While not required, I recommend the following pre-reqs:
* Buy a Mac or install Ubuntu on your dev machine
* Read “The Pragmatic Programmer”:http://pragprog.com/the-pragmatic-programmer
* Learn Vim or Emacs
* Learn Git & make a “GitHub”:http://github.com account
* Use Firefox with the Firebug extension or Google Chrome for development
Understand this protocol or prepare yourself for perpetual confusion. Read “the RFC,”:http://www.w3.org/Protocols/rfc2616/rfc2616.html or at least the following sections:
* “HTTP Message”:http://www.w3.org/Protocols/rfc2616/rfc2616-sec4.html#sec4
* “Status Codes”:http://www.w3.org/Protocols/rfc2616/rfc2616-sec10.html#sec10
Read “The Pickaxe”:http://pragprog.com/book/ruby3/programming-ruby-1-9 if you don’t know Ruby or could use a refresher.
Read “Agile Web Development with Rails 4th Edition”:http://pragprog.com/book/rails4/agile-web-development-with-rails
“Rails Guides”:http://guides.rubyonrails.org/getting_started.html is an excellent free companion resource to “the official Rails api docs”:http://api.rubyonrails.org/
Do “this Twitter clone Rails tutorial”:http://ruby.railstutorial.org/ruby-on-rails-tutorial-book
Read “CSS Mastery 2nd Edition”:http://www.amazon.com/CSS-Mastery-Advanced-Standards-Solutions/dp/1430223979
* Read chapters 1, 2, and 3 for the basics on CSS selectors, specificity, the box model, and positioning.
* Read the rest if you want even the slimmest chance of helping your app not look like it has drunken clown makeup smeared all over it.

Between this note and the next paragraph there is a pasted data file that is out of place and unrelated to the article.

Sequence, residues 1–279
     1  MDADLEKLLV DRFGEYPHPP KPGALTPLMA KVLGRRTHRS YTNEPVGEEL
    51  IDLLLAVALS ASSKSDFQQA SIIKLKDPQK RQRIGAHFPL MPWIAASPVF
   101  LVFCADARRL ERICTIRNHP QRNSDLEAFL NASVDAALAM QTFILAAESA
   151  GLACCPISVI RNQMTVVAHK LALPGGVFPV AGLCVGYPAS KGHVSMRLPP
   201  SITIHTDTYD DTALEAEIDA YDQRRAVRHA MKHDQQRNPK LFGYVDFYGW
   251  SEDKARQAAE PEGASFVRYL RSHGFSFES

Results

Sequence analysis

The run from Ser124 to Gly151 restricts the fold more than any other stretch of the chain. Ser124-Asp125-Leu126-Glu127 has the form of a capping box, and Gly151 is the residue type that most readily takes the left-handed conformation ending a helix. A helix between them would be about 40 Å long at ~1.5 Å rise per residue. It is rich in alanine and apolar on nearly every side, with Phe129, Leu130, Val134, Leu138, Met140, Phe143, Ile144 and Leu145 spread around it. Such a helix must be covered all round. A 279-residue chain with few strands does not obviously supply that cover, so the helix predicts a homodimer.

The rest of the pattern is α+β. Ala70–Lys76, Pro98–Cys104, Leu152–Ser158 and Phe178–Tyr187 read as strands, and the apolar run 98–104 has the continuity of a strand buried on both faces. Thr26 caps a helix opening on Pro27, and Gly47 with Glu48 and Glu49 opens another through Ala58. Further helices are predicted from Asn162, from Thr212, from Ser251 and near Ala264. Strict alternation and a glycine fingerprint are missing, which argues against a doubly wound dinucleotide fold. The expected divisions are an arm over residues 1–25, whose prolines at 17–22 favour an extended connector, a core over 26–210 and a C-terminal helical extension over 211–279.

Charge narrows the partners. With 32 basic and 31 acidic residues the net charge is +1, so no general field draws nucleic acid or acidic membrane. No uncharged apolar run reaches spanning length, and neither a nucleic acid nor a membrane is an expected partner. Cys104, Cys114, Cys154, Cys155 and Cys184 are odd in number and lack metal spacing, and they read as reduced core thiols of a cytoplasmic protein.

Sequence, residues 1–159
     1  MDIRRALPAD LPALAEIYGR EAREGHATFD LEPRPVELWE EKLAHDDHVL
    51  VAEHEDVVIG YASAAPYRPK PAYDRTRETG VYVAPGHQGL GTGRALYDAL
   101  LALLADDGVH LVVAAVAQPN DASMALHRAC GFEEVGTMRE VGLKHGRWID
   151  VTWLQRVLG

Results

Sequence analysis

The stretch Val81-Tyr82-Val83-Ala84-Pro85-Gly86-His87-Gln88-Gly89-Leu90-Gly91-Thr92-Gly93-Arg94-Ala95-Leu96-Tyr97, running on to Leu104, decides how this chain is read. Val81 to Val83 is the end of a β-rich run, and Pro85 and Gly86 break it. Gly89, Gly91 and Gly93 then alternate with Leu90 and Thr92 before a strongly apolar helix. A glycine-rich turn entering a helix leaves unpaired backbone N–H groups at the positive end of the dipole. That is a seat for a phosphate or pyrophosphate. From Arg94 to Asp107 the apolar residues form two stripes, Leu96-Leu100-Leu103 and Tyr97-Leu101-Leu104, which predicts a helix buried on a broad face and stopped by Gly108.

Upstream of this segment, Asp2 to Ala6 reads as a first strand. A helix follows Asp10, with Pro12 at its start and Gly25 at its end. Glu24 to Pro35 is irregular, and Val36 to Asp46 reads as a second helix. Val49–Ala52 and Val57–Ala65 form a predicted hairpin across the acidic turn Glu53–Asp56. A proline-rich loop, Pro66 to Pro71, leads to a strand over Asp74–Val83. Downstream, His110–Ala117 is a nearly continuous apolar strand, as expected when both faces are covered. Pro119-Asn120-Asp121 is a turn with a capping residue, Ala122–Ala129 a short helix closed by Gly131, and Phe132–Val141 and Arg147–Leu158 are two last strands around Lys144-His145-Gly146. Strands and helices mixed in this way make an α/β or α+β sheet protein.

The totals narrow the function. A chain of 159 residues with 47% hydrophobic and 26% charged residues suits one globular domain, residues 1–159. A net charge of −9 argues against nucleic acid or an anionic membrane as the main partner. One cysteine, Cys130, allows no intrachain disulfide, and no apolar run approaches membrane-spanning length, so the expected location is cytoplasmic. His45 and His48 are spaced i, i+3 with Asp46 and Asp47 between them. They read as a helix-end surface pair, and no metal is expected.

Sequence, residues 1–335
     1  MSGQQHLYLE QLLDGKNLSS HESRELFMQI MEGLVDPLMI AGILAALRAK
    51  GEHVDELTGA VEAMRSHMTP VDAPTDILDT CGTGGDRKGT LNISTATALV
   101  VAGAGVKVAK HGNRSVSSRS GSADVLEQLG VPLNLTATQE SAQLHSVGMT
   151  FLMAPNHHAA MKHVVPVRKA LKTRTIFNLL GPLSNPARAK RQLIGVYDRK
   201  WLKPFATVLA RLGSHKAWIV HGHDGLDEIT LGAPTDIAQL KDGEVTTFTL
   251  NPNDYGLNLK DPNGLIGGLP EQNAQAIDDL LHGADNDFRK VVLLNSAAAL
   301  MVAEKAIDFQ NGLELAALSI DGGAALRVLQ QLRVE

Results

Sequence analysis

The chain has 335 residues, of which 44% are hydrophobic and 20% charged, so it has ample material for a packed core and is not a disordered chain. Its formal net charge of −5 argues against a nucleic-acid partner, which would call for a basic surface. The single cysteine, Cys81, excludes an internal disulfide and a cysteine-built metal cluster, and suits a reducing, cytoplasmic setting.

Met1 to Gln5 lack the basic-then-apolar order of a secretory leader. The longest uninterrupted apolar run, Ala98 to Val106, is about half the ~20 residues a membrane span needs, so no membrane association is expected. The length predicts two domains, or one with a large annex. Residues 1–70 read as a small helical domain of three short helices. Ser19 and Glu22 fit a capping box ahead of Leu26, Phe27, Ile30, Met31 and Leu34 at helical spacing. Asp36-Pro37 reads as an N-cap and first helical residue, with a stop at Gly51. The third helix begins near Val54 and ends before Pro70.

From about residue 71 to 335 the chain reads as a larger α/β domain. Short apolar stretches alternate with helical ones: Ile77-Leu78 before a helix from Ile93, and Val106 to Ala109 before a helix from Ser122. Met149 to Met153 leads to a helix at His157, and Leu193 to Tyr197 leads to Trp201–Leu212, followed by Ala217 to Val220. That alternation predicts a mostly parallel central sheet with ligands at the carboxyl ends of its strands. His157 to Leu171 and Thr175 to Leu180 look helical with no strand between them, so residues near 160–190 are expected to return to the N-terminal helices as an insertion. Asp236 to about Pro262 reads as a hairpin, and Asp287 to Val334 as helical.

If you finish that book and your app still looks like someone sat on a bunch of ketchup and mustard packets, read “The Principles of Beautiful Web Design 2nd Edition.”:http://www.sitepoint.com/books/design2/
Do the following jQuery tutorials:
* “How jQuery Works”:http://docs.jquery.com/Tutorials:How_jQuery_Works
* “Getting Started with jQuery”:http://docs.jquery.com/Tutorials:Getting_Started_with_jQuery
Read the “jQuery Types Documentation”:http://docs.jquery.com/Types and the “jQuery API Docs”:http://api.jquery.com/ – all of it.
Now would also be a good time to learn “Coffeescript”:http://coffeescript.org/
h3. Extra Credit (which is also required)
* “Old yet good REST article”:http://www.infoq.com/articles/rest-introduction
* “REST stands for Representational State Transfer”:http://en.wikipedia.org/wiki/Representational_state_transfer
* “Underscore.js (required by backbone, and useful in it’s own right)”:http://documentcloud.github.com/underscore/
* “MongoDB”:http://www.mongodb.org/ is easiest to transition to from ActiveRecord if you use use “Mongoid”:https://github.com/mongoid or “MongoMapper”:http://mongomapper.com/
* “Dive into HTML5”:http://diveinto.html5doctor.com/
h3. Extra Extra Credit
Do it again using “Ember.js”:http://emberjs.com/ instead of Backbone.js.
h3. More Resources
* Install “Bundler”:http://gembundler.com/ and use a Gemfile to manage your dependencies for each project.
* “Know what works in which browser.”:http://www.quirksmode.org/compatibility.html
* “What gem or plugin should I use for X?”:https://www.ruby-toolbox.com/
* Deploy your demo apps to “Heroku.”:http://www.heroku.com/
* Use “Capistrano”:https://github.com/capistrano/capistrano/wiki to deploy elsewhere.
* Try “HAML”:http://haml.info/ & “SASS”:http://sass-lang.com/
h3. Independent Study
If you’re bored with everything being a RESTful resource represented in your database, Rails model, Rails controller, Backbone.js model, and view, (or just not sure what to do next) then try a different approach altogether.
Rewrite your sample app using “FAYE”:http://faye.jcoglan.com/ and “Node.js”:http://nodejs.org/ to build your app on a publish-subscribe model of communication between your client and server.
If I missed anything important, please let me know.